The Color Of Law: A Forgotten History Of How Our Government Segregated America, by Richard Rothstein
Let us make it clear at the outset that this is not a very good book at all. The author’s tone is continually abusive and frequently self-contradictory. His rhetoric is immensely poor and deeply (and unfortunately) partisan. His conclusions and desired “remedies” on behalf of African-Americans for supposed past wrongs is immensely dangerous, and he lacks any kind of gratitude for such entitlements as already exist, only seeking to redistribute more wealth to ungrateful and unworthy ghetto denizens. The author even finds a way to try to attack the motives of builders who provided amenities to black neighborhoods, blames a lot of ghetto violence perpetuated by blacks on high rents (despite property whose value doesn’t increase because no one wants to move into such neighborhoods) and lead poisoning, and attacks the motives of Republicans who voted for pro-black measures during the 20th century. As someone who is no stranger to reading the sort of inflammatory nonsense that is pitched to black readers as reasonable and sensible policy , this book may be a new low, because it claims to be restrained and ends up not being so and desires its readers to be outraged at government behavior in the past and only manages to spark outrage against the author and those of his ilk.
This book has about 250 pages of material (and a lot of endnotes) and is divided into twelve chapters, along with a preface, epilogue, author’s note and acknowledgements, and an appendix of frequently asked questions that basically gives up the argument that the author had been making about the willingness of most whites to live blacks that the author had been dishonestly peddling through the entire book. The author begins with a look at racist housing practices in San Francisco, accurately pointing out that if blacks were not wanted in white neighborhoods there, then the same would be the case everywhere else (1). After that the author looks at public housing and its influence on the creation and maintaining of black ghettos (2), racial zoning practices (3), and the urge to encourage (white) people to own their own homes (4). The author discusses private agreements that were enforced by the government concerning restrictive covenants (5) and the issue of white flight (6) away from neighborhoods threatened with unwanted new neighbors. The author looks at IRS support and compliant regulation of racially motivated housing (7), examines local tactics to preserve segregation (8), and even state-sanctioned violence against those who would cross the color line (9). Finally, the author ends with whining and complaining about suppressed incomes and home values (10), a look forward and back about the issue (11), and some laughable and often unconstitutional fixes (12) that would satisfy the author and others of like mind.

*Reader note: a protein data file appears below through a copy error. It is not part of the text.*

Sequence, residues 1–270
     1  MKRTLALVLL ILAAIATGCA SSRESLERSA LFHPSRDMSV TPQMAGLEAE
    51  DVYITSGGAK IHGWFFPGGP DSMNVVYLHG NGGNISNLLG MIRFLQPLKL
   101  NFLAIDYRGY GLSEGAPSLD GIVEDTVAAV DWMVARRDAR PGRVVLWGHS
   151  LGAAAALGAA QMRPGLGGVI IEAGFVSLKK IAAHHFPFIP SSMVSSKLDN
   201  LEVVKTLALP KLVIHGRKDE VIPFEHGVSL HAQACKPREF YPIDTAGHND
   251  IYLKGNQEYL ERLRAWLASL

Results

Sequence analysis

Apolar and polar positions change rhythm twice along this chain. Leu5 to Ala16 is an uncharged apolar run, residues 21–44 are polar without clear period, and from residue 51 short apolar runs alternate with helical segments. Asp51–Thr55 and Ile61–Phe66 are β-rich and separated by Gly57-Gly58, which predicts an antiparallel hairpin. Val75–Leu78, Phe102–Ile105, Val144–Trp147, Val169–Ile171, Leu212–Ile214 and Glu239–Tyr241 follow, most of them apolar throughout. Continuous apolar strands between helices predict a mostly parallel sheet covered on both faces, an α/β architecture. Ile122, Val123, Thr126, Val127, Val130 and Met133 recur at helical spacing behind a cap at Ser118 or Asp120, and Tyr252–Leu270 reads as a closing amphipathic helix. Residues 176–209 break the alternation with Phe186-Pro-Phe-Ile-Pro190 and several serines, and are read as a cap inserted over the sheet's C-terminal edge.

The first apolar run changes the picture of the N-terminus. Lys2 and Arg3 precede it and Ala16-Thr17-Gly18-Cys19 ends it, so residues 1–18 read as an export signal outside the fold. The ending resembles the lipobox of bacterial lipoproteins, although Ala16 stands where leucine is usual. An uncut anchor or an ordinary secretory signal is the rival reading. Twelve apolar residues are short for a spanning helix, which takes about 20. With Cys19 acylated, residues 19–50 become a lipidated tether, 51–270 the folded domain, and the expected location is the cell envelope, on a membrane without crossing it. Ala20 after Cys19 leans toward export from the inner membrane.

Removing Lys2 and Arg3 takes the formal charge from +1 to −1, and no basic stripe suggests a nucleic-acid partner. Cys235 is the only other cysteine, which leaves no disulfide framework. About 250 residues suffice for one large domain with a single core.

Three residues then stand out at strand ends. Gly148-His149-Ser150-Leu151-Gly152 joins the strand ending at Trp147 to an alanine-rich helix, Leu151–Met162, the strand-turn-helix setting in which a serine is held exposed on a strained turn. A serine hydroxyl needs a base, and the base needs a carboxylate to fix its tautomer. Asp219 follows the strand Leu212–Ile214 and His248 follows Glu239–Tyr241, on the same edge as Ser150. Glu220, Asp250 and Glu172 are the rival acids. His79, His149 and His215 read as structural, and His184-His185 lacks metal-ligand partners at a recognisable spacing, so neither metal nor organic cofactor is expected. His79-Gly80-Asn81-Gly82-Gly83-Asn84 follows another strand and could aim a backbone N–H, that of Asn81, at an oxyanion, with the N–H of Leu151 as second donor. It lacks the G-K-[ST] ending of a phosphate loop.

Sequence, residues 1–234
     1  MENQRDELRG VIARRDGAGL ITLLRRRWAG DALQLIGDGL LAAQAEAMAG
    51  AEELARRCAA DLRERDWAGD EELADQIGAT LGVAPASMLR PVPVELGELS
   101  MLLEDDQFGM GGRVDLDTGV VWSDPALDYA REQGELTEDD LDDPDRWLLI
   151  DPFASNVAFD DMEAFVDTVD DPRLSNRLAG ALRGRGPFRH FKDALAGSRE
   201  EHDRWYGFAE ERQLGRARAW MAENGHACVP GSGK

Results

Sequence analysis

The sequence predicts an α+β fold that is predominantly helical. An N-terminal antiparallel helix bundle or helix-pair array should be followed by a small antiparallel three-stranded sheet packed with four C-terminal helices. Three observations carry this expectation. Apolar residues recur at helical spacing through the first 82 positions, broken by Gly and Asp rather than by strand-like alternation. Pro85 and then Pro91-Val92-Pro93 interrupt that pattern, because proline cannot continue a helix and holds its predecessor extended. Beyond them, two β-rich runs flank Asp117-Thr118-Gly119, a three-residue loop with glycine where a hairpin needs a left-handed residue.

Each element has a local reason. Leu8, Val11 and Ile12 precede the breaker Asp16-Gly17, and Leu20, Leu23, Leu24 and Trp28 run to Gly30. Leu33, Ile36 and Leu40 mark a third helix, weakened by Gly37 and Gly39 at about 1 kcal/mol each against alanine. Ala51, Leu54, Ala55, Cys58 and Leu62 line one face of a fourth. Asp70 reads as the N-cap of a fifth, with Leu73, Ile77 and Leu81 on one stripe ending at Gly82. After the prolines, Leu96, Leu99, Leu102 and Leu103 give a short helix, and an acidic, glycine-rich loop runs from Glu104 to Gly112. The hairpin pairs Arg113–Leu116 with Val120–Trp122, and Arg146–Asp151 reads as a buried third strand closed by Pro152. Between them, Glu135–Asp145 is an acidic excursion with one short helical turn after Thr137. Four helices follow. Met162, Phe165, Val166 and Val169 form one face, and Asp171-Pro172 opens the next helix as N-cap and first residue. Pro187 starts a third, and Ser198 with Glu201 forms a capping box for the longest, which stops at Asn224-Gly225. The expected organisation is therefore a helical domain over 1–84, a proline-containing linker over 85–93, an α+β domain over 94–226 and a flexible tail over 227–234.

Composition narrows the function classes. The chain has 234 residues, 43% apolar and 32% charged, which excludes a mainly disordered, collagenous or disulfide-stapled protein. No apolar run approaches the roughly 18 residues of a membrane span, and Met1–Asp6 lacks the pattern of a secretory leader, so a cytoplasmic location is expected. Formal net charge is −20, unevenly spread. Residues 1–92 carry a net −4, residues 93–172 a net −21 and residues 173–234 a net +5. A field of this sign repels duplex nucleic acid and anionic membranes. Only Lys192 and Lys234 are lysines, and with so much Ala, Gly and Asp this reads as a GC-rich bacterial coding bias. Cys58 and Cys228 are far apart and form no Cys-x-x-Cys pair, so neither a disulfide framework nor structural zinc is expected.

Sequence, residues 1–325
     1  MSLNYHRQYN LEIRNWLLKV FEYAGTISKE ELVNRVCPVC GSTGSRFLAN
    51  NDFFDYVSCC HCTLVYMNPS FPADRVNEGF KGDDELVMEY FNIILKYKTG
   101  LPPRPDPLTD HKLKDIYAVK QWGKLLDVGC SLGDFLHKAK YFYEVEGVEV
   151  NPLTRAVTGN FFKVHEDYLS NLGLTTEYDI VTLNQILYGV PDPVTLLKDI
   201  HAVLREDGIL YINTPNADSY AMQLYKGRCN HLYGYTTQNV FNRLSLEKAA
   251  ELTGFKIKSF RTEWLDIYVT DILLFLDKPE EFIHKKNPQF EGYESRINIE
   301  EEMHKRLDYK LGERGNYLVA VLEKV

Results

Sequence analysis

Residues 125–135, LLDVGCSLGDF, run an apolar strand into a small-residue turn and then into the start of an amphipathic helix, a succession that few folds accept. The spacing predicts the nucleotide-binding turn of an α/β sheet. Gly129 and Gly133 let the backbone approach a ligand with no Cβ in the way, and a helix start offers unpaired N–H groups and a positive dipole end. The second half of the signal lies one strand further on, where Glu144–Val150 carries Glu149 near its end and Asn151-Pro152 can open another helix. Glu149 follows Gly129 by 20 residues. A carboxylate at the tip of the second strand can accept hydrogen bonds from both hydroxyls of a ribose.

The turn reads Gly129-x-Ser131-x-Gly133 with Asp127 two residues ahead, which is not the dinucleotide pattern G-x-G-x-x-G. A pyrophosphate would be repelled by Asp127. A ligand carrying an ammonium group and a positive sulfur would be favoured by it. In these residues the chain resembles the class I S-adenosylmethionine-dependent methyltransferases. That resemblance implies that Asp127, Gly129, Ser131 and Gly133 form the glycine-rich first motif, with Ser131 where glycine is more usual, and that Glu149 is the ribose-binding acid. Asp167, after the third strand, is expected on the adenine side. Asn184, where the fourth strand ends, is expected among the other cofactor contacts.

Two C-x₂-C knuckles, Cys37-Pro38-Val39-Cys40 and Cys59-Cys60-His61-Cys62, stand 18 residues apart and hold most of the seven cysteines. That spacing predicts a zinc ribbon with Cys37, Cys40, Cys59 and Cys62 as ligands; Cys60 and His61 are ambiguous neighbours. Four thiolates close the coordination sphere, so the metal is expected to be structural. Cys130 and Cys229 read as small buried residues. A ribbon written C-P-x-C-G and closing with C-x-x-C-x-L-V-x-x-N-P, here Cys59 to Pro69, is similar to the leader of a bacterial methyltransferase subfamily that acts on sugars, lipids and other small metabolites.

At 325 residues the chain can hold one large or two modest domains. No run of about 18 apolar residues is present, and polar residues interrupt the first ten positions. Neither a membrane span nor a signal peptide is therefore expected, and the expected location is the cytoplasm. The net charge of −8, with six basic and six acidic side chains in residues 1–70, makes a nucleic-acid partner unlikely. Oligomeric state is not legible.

The author’s ignorance of how republics and democracies work throughout this book is profound, but this book makes sense when it is viewed as an extremely biased work made in favor of a particular group that seeks to make their unreasonable demands appear politic and reasonable to themselves so that they can console themselves with feeling like they are moderate when they are being extremist. For those readers who want to get a sense of the author’s real understanding of the problem, it is worthwhile to read the appendix first, where the author openly admits that white people, in the main, do not want to live around that many black people, and that there is consequently little or no desire on the part of a majority of the public to engage in the sorts of reforms and socialist remedies that the author has in mind, which makes the rest of the book largely an exercise in partisan hackery and outragemongering, which is not too unsurprising of a modern leftist/Progressive work but also not the sort of thing that I can recommend that people read except to understand how out of touch such people are with reality and with the limits of politics to what is possible.
 See, for example: